How Do I Teach Myself

Teaching My Younger Self                              February 1st ,2018

Design a curriculum for your young self, High School sophomore.

I would like to first state that I think that the basic premise that I can teach my younger self is flawed. Is not part of who I am, formed by how I was taught and therefore bias me in setting out a curriculum for myself?  Do I want to change or influence who I have become? Is my intention to correct what I don’t like or how I learn and would have liked to do it differently, a do-over?  I see myself as a ‘Jack of all Trades, Master of None’ and believe this was molded by my education and who I am and what I took away from it. Am I formed or informed by my younger self.

At the time I was a sophomore (Junior high school in Canada) it was the next wave of experiment schooling. I was taught in both a traditional classroom education with desks set in rows, teachers at the front of the room, textbooks, memory work, black boards as well as a more open experimental environment that broke those rules. My chemistry teacher taught in the traditional classroom with school supplied text books, memorizing and frequent testing. He was good at teaching that way and I got a solid foundation. I had a social studies teacher that intentionally worked outside of the traditional classroom and taught in a way that was very exciting and stimulating and made connections between learning and the real world. I also had a physics teacher that straddled both the traditional classroom and experimental learning by combining a solid foundation and making connections with the real world. He taught both inside and outside the classroom, taught in an interdisciplinary way and helped me learn by connecting the text book to the cause and effect of the environment around me.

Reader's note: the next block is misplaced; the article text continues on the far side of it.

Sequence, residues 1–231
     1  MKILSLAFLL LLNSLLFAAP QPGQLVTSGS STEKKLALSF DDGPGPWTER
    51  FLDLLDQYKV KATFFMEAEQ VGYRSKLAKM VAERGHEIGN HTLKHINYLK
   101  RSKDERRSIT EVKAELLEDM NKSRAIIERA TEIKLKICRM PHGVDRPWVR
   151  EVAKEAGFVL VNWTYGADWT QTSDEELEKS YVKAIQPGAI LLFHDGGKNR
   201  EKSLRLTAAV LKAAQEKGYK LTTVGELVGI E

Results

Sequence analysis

Setting out a curriculum for my younger self, structure is very important and to have a foundation, clear perameters, discipline and direction. At the same time and equally important is a curriculum that gives freedom to explore and the environment to teach it in. As a sophomore, as mentioned in class, this is the time of transition from a child to an adult. This is a no man’s land between having the fundamentals of an education and the freedom to interpret it. There is a phrase that is something like, ‘You can’t abstract the flower until you can copy the flower then you can paint the real flower’. I think that you can’t really explore without having the tools to guide you.

Setting out a good curriculum for myself would combine the solid foundation of a traditional education with the experimentation and exploration of a freer environment. I don’t think these are mutually exclusive but count on a teacher to be a disciplined and creative thinker. There needs to be a flexibility in the curriculum to adapt to the needs of the student.

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